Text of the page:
When Iuli Yeptho (Vocals), Sosang Lkr (Drums), Tako Chang and Temsujungba Jamir (Guitars) and Imnamaong Imchen (Bass) come together, they don’t just make music, they create a mood. Amidst the gloom that surrounds us in the world following a global pandemic, the sounds by Trance Effect, a pop rock band from the beautiful terrains of Nagaland is beyond respite to the ears. It’s therapy. Their tunes carry relevance without unnecessary elaboration while maintaining an old-school charm.
The band recently released their consolidated EP, ‘Clowns’ which boasts of an assortment of happy songs, mood-mapped and well-curated for an effortless listening of roughly 20 minutes. On behalf of Radio City Freedom, I spoke to the band about making music which resonates universally and cultural representation of the influences from the North East.
The album feels simple, effortless and healing. How does it feel to be hailed as a band that offers music which is comforting?
TE: Thank you, first of all. It feels good when people address our songs as to how they can relate and they are comforted by our songs, it always boosts us and we are always grateful when they appreciate our work, it also makes us work even harder for our next projects.
What were the emotions that you were looking to convey through 'Clowns'?
TE: The songs in the EP are more like a story. From the first song to the last, its more of a journey where one goes through happy times in life and then the heart breaks and in the end finds love. We want people to be on a roller coaster ride together with us through our songs and experience these emotions.
It’s ironical that you speak about travel through an album which releases at a time when everyone is indoors. Your thoughts?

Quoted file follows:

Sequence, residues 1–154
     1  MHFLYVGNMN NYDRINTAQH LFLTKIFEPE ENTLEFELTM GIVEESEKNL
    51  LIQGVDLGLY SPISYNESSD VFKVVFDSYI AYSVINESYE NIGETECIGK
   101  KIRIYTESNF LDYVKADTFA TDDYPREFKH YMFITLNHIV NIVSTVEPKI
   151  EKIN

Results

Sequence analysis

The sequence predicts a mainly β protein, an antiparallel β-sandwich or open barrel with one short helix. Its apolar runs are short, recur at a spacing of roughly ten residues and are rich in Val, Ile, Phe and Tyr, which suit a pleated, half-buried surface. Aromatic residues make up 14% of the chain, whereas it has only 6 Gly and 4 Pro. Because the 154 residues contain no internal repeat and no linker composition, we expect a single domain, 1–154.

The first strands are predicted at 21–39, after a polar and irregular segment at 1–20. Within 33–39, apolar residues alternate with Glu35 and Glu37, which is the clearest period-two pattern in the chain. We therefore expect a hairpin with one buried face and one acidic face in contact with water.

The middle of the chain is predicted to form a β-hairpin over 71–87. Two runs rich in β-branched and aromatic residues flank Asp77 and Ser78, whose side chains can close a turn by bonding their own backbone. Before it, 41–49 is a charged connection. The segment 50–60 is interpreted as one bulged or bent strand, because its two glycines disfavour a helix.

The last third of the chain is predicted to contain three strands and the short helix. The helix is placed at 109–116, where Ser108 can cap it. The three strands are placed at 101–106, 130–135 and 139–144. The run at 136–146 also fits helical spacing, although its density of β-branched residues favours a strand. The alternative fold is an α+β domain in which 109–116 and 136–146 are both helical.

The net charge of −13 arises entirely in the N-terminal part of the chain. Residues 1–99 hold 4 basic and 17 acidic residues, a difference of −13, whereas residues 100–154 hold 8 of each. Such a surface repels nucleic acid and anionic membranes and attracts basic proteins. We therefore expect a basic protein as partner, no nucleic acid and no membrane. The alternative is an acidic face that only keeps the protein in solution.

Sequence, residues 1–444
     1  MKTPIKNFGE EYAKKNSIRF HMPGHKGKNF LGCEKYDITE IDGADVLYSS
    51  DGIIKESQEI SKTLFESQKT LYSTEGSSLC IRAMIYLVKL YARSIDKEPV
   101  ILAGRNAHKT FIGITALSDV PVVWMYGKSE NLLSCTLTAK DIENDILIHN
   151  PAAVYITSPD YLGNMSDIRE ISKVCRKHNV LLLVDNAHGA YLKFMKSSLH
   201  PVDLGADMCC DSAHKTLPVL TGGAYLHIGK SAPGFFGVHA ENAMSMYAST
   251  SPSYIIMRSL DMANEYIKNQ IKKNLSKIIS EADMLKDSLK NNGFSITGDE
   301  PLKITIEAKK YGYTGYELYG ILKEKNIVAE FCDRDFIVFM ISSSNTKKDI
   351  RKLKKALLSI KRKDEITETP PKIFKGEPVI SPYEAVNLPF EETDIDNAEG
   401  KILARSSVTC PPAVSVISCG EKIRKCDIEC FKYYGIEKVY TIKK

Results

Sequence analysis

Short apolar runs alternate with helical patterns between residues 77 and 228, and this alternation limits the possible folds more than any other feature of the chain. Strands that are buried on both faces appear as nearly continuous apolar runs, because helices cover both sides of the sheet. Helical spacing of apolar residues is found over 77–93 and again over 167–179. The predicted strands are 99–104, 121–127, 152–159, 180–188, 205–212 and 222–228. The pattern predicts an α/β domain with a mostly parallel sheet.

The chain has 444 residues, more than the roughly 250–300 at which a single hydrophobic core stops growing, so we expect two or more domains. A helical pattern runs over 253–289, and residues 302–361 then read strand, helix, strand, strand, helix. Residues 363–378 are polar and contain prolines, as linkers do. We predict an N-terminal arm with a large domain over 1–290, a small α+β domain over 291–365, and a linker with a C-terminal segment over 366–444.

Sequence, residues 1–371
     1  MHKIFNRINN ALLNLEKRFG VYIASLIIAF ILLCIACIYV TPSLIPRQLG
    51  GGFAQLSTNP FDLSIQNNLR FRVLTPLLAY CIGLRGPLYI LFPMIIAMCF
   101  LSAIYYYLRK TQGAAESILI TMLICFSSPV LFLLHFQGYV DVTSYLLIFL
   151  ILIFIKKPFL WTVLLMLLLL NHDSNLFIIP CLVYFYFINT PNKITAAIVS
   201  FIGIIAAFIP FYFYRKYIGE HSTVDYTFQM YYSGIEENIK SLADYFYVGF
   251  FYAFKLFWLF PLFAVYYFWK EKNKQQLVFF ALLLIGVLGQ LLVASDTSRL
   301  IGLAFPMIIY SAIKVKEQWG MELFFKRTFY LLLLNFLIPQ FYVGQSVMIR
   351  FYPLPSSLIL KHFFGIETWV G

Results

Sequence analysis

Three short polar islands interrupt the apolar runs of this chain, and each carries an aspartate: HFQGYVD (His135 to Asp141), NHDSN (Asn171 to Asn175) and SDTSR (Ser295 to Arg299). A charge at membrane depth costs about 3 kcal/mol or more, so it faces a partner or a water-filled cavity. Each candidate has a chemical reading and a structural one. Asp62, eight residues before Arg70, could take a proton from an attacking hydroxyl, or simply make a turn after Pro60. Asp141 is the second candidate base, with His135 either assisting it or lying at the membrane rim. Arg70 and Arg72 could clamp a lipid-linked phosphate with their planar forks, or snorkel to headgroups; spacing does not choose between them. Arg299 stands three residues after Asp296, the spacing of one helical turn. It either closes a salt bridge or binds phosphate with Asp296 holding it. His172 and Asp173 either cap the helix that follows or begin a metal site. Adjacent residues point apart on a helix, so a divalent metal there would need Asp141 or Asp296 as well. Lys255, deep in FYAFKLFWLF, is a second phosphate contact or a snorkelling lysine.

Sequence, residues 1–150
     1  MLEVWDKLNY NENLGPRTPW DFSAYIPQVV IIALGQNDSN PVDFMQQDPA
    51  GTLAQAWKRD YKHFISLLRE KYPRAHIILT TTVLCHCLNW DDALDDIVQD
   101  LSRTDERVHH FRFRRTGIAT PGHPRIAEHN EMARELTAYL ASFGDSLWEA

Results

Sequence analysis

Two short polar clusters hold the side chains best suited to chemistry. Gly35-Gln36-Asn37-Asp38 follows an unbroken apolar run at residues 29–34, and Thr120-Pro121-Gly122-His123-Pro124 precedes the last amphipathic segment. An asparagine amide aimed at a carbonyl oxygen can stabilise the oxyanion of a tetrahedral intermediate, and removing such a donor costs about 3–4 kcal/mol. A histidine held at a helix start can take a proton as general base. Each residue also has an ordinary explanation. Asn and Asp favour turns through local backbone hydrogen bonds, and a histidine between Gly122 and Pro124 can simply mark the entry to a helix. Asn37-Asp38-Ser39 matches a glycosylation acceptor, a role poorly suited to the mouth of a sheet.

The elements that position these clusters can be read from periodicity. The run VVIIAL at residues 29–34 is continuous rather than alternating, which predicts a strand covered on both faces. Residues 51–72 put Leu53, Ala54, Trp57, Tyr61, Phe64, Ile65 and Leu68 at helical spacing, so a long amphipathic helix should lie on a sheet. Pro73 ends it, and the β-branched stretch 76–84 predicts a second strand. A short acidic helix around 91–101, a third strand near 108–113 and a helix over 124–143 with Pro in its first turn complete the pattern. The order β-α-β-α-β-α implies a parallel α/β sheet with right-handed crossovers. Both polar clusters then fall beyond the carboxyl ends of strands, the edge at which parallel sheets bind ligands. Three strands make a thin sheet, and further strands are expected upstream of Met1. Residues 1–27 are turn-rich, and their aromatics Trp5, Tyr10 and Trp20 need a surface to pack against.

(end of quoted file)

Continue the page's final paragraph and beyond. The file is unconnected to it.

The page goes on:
TE: We actually scheduled the EP release date before the lockdown was put into place. So, it was something that we didn't see it coming, we guess that's just a part of life, full of uncertainty and surprises. So, during this pandemic crisis we hope that our music soothes the state of mind and well being of our listeners.
An Instagram post reveals, ‘No food, no music’. How instrumental was food behind making this album?
TE: We were actually being sarcastic with that post. Well food plays an important role in the band (laughs). We are all foodies especially the bassist, drummer and the guitarist. We never say no to food. Through the late night recordings and jamming, we make sure we have food ordered or go out for late night snacks before we go back. As they say, a hungry man is an angry man. (laughs).
Do you feel that independent musicians and their music have helped in bringing the culture and the influences of the North East to the forefront?
TE: Yes, we believe independent musicians with their music have helped in bringing culture and Northeast to the forefront. People like Kaushik from Qrated, Narrotam from Unwind Entertainment, David Kooch, LiveNow Events, etc have helped us through our musical journey and yes, people like them have helped in the independent musical scene from the start.
As artistes, what is your one conscious effort towards your art?
TE: As artistes, we believe that our one conscious effort towards our art is to make music that can talk and comfort people. We would want our songs to make people realise that the little things in life are more important and it's what makes them happy.
Acts from the North East that you would suggest our readers to listen to?
TE: There are a lot but if we have to name a few, it would be Avora Records, Paper Sky, Since 90's, Blue Temptation, Imliakum, Abdon Mech and Big Dane.
Lastly, what do you look forward to doing once the quarantine is over?
TE: Seriously, we want to start jamming again and get back to the studio as we already have a lot of songs to be recorded for our next EP and probably some singles along the way so stay tuned.
‘Clowns’ by Trance Effect, is now streaming on Radio City Freedom.